Why are there two red lines on the G-meter on the MiG-29 aircraft? One at 7.5G, another one is at 9G. Also on the AOA scale the red line is at only 15 degrees. That is max AOA. It looks very low to me. Or the max G must not have more than the 15AOA? Now it's about the 7.5 G at 15AOA or the 9G at only 15AOA?
@George already gave a correct answer, but I'll expand it a bit and show the source.
Indeed, the lower load limit is for trans- and supersonic flight (formally M > 0.85) and the higher limit is for subsonic conditions.
The AoA redline at 15° also relates to M > 0.85. At subsonic speeds, the max AoA is 26°. I can only speculate why it is not shown on the gauge. Normally, the control system will enforce these (AoA) limits automatically.
Here are the load and AoA graphs from the MiG-29 flight manual (or more precisely, its 'Practical aerodynamics' part).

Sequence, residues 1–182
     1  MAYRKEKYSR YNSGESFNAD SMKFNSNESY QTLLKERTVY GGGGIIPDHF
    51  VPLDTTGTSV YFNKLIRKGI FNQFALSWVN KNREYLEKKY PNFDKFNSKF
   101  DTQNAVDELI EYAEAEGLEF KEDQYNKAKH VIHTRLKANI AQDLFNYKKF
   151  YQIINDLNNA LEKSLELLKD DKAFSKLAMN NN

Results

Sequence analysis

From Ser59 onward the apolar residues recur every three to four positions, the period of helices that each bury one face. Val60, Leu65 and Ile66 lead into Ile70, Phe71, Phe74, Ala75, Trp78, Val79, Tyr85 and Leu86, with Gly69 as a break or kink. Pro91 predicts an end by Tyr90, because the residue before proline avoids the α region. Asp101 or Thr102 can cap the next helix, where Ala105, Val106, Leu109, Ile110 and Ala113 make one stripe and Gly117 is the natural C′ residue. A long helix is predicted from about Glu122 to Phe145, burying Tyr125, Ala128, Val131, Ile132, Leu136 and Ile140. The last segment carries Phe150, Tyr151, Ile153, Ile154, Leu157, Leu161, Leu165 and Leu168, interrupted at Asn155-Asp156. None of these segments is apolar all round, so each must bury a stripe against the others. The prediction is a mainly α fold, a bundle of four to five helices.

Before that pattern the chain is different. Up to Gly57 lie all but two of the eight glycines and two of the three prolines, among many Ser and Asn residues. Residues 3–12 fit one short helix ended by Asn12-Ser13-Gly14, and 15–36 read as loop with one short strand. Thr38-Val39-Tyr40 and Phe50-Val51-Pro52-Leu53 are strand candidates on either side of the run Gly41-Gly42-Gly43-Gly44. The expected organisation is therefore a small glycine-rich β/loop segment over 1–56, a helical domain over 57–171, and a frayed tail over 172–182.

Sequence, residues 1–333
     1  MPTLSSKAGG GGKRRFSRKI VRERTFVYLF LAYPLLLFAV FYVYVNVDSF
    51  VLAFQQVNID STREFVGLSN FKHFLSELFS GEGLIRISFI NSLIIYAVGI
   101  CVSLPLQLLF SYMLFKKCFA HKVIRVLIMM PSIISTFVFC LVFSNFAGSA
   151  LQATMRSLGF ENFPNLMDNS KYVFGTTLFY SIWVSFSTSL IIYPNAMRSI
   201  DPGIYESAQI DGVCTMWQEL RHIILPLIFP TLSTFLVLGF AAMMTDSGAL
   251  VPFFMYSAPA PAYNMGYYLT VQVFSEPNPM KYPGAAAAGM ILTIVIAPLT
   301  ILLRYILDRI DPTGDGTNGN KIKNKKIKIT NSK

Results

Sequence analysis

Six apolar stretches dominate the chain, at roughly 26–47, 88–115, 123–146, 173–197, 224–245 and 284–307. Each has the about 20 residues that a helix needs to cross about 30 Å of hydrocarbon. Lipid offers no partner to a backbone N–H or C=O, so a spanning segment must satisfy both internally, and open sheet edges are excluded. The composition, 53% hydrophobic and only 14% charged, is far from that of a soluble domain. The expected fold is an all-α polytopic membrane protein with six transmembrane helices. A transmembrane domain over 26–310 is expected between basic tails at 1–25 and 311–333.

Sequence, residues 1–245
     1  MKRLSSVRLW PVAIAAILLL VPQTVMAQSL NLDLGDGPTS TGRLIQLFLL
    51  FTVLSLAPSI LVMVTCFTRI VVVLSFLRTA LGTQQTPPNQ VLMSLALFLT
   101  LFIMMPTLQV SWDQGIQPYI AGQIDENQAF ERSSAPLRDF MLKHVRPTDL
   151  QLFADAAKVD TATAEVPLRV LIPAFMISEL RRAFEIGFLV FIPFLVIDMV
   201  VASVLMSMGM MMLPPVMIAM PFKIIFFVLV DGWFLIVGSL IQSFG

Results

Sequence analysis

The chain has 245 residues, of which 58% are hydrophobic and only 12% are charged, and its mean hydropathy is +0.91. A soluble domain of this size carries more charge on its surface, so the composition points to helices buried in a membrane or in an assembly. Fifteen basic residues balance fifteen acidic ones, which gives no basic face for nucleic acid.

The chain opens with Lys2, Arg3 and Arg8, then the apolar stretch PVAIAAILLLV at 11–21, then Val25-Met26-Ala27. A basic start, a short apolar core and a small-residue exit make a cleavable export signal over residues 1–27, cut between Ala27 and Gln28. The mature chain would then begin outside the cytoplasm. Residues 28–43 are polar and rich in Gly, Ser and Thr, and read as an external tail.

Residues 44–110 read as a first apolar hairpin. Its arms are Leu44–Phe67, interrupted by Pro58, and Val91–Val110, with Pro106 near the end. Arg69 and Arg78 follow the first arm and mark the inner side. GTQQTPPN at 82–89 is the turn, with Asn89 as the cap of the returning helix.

One might notice that the official supersonic load limit is 7 rather than 7.5. I'm not sure why is the gauge showing 7.5.
The curves indicate loads and AoA that are actually achievable at different altitudes (in km). The boundaries are labelled 'structural limits' (on the top) and 'control system limiter settings' (for alpha).
The text explains:
- The load applies to the mass 14200 kg, whether with or without missiles. For higher mass, the load limit is reduced by 1 g.
- The lower supersonic limit is explained by the lift losses for trim. (MiG-29 is marginally stable at low speed, but (like nearly any aircraft) is highly stable at supersonic speeds, and part of the wing lift must be used to counteract the strong tail downforce).
- At M > 0.85, the leading edge droop flaps are stowed, which limits AoA at 15°. At lower speeds, the flaps expand the AoA limit significantly. (There may be further limits; e.g. 13° with a failed SAS (stability augmentation system)).
I can’t comment on the MiG exactly, but most fighter aircraft have maneuvering limitations when heavily loaded with external stores. If I recall correctly, the F-16 is limited to ~7Gs with a loadout. A good guess is that the MiG has similar limitations; this would be verified by looking at a MiG-29 flight manual under operational limitations listed therein.